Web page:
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7-7] Is it okay to write on or stick a label on a disc?


This article is from the CD-Recordable FAQ, by Andy McFadden (fadden@fadden.com) with numerous contributions by others.

7-7] Is it okay to write on or stick a label on a disc?


Only if you're careful. The wrong kind of ink or label can damage a disc.
The adhesives on some labels can dissolve the protective lacquer coating
if the adhesive is based on a solvent that the lacquer is susceptible to.
Asymmetric labels can throw the disc out of balance, causing read problems,
and labels not designed for CDs might bubble or peel off when subjected
to long periods of heat inside a CD drive. So long as you use labels that
were meant for CD-R discs, you will *probably* be okay.

For the same reasons, if you want to write directly onto the surface of a
disc, you want to use pens that are approved for use on unlabeled CD-R media.
The ink in some kinds of pens may damage the top coating of the disc.

Specific information can sometimes be found on the back of the jewel case
that the discs come in. Old TDK CDR-74 discs had the following warning:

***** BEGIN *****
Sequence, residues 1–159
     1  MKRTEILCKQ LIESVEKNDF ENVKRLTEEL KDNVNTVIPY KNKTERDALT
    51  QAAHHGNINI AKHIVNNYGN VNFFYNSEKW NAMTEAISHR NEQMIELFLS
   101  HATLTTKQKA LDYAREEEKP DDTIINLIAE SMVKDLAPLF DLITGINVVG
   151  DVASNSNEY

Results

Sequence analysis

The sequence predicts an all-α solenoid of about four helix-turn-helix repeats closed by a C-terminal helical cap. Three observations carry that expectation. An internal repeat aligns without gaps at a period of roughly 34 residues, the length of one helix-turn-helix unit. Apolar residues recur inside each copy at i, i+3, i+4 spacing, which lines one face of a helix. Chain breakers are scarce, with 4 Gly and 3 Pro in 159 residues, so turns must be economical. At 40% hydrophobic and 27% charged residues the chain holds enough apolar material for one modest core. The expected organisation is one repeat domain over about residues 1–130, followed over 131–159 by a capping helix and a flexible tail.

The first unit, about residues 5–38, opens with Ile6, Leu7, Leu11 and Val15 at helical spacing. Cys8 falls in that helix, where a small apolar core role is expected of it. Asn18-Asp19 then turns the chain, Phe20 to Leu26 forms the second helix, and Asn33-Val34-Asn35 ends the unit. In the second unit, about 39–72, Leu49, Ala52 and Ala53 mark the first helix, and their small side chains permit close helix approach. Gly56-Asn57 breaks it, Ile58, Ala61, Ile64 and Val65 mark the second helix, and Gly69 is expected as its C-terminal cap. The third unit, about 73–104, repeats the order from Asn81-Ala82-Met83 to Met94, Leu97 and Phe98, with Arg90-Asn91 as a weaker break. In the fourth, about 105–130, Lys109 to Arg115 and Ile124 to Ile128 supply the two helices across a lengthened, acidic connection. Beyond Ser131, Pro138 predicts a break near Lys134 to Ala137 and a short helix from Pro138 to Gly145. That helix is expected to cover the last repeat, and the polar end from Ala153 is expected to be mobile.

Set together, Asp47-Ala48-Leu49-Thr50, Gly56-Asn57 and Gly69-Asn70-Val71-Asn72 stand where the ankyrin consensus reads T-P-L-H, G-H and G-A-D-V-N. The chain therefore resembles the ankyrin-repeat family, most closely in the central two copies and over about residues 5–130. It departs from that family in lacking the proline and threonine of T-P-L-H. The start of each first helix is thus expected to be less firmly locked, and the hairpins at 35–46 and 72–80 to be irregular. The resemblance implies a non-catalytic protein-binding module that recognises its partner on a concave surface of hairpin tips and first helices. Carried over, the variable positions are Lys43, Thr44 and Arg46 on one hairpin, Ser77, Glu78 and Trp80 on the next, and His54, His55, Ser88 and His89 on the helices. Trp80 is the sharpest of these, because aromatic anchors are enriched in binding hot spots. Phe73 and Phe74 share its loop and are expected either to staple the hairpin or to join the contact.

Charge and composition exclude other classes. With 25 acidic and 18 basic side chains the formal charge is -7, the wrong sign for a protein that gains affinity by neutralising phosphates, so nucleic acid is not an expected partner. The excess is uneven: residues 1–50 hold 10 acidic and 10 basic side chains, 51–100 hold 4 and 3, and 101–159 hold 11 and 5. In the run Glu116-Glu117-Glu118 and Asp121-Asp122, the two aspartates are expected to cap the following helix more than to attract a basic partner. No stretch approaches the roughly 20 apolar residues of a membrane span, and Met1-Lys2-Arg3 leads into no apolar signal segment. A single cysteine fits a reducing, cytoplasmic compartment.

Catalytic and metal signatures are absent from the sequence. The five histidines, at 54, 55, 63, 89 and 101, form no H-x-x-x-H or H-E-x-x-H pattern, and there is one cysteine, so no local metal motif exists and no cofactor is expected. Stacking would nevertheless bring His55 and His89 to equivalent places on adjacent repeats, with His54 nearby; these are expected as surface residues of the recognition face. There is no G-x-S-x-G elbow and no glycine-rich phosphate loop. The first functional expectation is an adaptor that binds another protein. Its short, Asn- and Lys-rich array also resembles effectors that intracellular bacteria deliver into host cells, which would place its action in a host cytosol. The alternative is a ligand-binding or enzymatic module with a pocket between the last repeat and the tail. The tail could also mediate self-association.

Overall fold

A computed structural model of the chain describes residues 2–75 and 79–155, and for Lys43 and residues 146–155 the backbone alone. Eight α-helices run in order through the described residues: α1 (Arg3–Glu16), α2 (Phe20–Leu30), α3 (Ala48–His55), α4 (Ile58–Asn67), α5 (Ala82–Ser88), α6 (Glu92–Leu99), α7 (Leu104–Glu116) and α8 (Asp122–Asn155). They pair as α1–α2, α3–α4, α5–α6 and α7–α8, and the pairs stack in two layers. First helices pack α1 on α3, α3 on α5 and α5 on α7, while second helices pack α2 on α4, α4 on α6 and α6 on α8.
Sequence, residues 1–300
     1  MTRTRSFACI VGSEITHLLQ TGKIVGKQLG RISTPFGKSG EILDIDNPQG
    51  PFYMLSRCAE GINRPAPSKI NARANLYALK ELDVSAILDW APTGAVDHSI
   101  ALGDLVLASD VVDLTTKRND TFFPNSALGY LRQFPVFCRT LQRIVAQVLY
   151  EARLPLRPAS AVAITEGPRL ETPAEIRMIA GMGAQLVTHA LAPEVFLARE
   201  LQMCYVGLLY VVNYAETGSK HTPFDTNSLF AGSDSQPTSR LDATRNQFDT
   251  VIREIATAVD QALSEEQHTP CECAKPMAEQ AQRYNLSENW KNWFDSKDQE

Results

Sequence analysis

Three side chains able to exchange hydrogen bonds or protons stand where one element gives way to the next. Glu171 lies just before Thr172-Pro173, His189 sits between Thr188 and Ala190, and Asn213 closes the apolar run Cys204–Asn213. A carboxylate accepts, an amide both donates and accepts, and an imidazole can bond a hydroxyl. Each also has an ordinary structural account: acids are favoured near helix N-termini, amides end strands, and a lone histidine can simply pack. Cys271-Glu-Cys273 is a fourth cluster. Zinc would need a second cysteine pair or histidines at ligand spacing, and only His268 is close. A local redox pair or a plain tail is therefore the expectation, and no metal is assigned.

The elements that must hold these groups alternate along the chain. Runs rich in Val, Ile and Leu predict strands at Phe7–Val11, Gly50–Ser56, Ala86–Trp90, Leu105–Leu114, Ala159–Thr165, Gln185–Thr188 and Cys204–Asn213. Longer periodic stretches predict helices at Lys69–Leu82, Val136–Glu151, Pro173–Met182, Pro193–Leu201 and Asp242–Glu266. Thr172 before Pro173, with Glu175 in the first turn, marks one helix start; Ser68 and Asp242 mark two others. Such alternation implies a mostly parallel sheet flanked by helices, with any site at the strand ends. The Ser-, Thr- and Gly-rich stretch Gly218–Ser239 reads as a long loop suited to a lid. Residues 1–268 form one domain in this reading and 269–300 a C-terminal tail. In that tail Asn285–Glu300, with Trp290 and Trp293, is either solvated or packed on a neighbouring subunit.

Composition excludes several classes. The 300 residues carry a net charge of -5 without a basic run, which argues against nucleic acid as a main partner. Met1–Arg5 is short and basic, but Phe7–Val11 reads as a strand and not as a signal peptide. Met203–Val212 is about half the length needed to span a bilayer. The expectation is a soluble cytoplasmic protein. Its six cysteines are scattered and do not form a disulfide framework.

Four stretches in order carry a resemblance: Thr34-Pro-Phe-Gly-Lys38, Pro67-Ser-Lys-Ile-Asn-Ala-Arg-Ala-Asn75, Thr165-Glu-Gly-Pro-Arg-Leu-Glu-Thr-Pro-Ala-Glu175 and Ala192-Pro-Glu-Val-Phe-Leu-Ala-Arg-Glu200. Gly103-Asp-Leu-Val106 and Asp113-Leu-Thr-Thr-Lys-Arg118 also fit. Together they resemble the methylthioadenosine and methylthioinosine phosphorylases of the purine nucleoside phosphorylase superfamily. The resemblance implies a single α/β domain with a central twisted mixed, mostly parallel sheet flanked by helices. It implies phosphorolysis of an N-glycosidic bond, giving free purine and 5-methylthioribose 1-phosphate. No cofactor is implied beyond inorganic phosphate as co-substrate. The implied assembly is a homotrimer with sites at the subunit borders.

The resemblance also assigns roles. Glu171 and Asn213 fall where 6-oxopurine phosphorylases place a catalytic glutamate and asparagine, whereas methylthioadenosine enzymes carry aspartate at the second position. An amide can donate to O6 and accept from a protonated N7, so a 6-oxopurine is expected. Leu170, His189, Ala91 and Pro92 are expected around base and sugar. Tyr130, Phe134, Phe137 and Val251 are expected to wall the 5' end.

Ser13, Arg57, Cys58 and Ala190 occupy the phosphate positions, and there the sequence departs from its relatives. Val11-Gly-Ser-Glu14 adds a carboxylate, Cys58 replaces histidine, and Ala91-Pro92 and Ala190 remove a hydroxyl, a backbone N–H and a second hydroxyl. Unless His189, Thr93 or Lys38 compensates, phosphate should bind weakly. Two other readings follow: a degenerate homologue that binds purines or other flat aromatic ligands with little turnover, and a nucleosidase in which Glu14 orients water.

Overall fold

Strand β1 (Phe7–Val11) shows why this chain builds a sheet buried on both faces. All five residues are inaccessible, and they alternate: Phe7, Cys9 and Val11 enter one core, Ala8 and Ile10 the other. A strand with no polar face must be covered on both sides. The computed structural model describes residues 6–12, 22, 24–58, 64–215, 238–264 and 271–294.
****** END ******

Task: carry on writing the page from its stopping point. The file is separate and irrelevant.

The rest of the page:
2. Do not attach labels or protective sheets, or apply any coating
fluids to the disc.

3. When writing titles and other information on the label (gold)
side of the disc, these should be written in the printed area using
an oil-based felt-tipped pen.


Other brands say "use a permanent felt-tipped pen" or words to the effect
that the ink shouldn't smudge. The most important part is to use a felt
tip pen and not a ball-point, because the top layer of the disc will gouge
easily on most media.

There are pens recommended specifically for writing on CD-Rs. Examples
include the Dixon Ticonderoga "Redi Sharp Plus", the Sanford "Powermark",
TDK "CD Writer", and Smart and Friendly "CD Speed Marker". Some of these
are relabeled Staedtler Lumocolor transparency markers (#317-9), which are
alcohol-based. Never use a solvent-based "permanent" marker on a CD-R --
it can eat through the lacquer coat and destroy the disc. Memorex sells
water-based color "CD Markers" in four-packs (black, blue, red, green).

Many people have had no problems with the popular Sanford "Sharpie" pens,
which are alcohol-based. Other people say they've damaged discs by writing
on them with a Sharpie, though those discs may have been particularly